AS A RULE OF THUMB, you should probably save 12% to 15% of your pretax income toward retirement. If your employer has some sort of traditional defined benefit pension plan, which will pay you income every month in retirement, you can likely save less.
Similarly, if your employer makes a fixed or matching contribution to its 401(k) or 403(b) plan, you might be able to trim your savings rate. Suppose your employer matches your 401(k) contributions at 50 cents on the dollar up to 6% of pay. To hit a 12% savings rate, you only need to sock away 9%, because you’ll get 3% from your employer.
If you want a better sense for how much you ought to save every month, by factoring in how far you are from retirement and how much you have already saved, try playing around with one of the many online financial calculators. But given all the uncertainty about market returns, take these projections with a grain of salt.
You might start with the retirement planner from Dinkytown.net (named after a neighborhood in Minneapolis). You can quibble that the calculator is overly simplistic and easily abused: It presumes you earn the same return year after year, which is unrealistic, and delusional folks can make everything look rosy by assuming an absurdly high rate of return. Still, it offers a quick look at your retirement readiness. If you have something akin to a 60% stock–40% bond portfolio, override the default investment returns: For the period both before and during retirement, plug in a 4% annual return and 2% for inflation.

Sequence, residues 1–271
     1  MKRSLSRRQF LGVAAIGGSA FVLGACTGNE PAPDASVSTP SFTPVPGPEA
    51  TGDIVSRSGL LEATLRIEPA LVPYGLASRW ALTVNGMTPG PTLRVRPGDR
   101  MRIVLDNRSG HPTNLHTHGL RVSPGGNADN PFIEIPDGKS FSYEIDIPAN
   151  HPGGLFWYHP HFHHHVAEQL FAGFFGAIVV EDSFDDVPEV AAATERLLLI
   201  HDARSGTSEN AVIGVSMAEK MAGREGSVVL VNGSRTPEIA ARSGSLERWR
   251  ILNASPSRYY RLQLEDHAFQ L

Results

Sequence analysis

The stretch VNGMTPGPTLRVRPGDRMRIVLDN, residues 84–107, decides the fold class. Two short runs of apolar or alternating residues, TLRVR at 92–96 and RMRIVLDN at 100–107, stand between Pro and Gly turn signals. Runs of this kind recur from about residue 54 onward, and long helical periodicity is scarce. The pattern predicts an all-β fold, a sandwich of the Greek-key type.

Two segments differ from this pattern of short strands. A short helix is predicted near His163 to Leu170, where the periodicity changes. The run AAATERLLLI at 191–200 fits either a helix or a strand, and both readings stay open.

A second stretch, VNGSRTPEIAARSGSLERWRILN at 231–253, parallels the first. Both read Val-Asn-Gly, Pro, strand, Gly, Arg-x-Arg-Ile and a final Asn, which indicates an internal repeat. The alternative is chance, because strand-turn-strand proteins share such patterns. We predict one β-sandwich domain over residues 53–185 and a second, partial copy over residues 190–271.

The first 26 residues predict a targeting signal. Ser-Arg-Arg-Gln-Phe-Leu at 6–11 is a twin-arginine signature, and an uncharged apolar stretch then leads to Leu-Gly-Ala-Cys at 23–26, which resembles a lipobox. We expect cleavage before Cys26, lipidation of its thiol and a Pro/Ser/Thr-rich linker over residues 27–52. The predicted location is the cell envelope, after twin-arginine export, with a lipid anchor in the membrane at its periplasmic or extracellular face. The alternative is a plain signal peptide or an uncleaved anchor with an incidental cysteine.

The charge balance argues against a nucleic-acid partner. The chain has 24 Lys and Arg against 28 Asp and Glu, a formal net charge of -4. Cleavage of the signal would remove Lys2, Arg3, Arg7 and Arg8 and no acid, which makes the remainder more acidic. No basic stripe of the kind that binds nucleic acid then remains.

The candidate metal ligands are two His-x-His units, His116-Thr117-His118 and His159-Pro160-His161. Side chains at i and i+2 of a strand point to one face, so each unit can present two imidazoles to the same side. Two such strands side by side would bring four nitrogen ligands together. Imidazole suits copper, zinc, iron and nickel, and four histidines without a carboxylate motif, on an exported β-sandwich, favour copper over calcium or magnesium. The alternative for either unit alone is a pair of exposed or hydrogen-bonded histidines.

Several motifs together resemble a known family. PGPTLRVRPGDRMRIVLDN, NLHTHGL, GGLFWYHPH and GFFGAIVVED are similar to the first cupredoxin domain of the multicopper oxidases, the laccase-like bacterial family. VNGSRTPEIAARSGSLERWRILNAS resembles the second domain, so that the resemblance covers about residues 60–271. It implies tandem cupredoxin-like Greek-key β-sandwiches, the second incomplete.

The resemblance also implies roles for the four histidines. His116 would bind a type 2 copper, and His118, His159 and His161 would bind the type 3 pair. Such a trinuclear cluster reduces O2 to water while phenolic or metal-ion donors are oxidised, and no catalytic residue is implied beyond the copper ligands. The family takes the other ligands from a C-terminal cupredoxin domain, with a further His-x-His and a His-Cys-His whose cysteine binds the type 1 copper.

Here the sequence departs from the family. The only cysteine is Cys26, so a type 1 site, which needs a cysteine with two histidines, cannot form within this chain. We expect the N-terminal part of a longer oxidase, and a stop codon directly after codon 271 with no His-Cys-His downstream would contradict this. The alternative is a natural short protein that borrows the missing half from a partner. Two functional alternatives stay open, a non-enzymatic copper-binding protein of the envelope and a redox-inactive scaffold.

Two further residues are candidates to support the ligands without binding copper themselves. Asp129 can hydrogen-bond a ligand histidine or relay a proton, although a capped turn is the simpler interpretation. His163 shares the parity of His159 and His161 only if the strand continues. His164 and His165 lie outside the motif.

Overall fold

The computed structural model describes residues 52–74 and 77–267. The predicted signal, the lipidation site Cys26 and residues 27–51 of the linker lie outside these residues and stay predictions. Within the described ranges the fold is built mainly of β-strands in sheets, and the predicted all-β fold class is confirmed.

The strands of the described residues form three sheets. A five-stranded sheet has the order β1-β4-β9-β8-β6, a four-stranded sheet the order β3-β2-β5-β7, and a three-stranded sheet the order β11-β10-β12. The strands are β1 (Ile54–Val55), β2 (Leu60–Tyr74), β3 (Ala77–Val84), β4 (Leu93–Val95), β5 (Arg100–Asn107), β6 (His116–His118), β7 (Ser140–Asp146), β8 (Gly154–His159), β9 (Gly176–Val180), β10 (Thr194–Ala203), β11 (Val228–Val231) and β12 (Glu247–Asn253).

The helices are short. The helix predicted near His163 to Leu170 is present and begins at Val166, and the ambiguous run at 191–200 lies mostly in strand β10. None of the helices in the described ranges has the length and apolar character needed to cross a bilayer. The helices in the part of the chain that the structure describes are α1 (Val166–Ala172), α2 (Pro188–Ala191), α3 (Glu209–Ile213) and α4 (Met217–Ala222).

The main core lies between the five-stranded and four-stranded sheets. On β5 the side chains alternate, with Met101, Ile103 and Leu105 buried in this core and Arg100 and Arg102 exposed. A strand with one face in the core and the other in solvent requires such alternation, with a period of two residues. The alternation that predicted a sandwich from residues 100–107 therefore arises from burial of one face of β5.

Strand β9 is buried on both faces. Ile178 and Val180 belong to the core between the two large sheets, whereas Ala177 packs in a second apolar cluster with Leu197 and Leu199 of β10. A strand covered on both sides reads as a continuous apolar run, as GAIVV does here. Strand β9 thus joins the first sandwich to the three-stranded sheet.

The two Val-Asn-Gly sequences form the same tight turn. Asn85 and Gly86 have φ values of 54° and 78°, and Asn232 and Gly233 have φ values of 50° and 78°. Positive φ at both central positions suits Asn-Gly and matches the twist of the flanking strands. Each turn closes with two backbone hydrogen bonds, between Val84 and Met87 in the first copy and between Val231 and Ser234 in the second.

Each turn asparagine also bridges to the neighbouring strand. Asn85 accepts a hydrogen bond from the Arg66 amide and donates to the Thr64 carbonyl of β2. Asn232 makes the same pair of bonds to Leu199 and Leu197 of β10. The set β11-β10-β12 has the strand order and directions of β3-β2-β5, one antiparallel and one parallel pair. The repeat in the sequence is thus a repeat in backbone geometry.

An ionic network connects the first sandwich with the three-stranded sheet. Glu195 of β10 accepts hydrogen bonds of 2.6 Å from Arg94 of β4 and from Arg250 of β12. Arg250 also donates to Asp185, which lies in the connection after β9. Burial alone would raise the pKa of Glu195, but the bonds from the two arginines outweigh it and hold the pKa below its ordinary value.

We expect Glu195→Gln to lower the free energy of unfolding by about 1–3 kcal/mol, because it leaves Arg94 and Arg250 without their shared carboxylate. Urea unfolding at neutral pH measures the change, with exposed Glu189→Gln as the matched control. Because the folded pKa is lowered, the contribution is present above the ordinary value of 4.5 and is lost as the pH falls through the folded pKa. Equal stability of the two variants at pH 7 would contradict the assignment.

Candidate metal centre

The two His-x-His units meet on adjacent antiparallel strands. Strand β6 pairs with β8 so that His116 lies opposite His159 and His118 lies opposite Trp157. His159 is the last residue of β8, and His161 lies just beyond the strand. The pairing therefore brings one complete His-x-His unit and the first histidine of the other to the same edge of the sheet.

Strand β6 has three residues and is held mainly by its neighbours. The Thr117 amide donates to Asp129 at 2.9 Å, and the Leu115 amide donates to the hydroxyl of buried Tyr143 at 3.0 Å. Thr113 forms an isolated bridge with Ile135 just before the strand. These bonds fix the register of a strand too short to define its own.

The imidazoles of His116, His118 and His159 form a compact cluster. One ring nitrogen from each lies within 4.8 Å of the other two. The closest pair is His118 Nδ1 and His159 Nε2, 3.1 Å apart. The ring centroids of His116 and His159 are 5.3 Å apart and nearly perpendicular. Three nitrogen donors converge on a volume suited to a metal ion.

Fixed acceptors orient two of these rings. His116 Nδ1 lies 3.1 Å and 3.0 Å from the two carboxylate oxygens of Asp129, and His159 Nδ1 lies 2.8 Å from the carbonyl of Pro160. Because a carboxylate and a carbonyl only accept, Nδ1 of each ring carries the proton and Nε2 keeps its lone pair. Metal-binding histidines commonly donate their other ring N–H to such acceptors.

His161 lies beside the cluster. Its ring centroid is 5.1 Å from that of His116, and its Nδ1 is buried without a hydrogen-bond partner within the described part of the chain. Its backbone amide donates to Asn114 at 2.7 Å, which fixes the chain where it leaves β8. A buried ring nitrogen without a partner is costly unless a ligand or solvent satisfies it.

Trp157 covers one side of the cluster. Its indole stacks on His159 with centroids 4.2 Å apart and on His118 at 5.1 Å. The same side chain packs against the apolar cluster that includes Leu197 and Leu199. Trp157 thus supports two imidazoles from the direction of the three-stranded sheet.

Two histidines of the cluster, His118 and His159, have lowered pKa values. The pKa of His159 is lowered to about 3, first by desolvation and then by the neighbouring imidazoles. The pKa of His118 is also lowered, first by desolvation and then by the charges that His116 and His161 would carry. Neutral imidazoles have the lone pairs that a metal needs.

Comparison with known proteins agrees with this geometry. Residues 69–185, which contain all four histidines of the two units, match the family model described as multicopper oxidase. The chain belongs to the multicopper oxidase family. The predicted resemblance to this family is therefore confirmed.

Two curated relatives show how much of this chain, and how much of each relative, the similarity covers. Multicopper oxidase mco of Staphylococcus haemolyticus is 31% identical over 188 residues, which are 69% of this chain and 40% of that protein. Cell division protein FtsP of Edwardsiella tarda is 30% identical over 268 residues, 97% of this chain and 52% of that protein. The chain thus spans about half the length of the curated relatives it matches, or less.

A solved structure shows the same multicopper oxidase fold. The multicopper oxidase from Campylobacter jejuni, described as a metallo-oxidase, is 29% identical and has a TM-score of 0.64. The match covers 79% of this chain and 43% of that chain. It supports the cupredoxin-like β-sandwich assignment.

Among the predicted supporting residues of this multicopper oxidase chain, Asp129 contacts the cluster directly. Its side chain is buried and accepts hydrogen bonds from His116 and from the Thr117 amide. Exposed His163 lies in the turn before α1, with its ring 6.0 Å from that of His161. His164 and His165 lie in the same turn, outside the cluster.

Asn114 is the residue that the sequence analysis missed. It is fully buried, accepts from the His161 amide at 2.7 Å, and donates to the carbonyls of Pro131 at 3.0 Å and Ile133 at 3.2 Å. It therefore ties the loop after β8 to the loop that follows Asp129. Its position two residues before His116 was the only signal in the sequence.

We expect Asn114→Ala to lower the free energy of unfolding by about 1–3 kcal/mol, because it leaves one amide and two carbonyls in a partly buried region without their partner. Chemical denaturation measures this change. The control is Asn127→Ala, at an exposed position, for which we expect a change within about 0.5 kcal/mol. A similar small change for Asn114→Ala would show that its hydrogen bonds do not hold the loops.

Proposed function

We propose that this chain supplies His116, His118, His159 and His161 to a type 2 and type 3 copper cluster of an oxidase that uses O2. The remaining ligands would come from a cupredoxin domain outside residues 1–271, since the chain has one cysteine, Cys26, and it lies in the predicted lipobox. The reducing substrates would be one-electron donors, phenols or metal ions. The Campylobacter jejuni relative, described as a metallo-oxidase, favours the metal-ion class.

What’s the problem with assuming the same return year after year? Check out FIRECalc.com, which drives home a key concept every retiree needs to grasp: sequence-of-return risk. The bottom line: If you get rotten returns early in retirement, you can quickly end up in financial trouble, even if average returns over your retirement are just dandy.
Many online retirement tools are time-consuming and users are required to register. Looking for something less onerous? Check out AARP’s retirement calculator, the target your retirement tool from Boston College’s Center for Retirement Research, and Vanguard Group’s retirement income calculator. Want something more sophisticated? Try NewRetirement.com, which will not only tell you whether you’re on track for a comfortable retirement, but also makes suggestions for further strengthening your finances.
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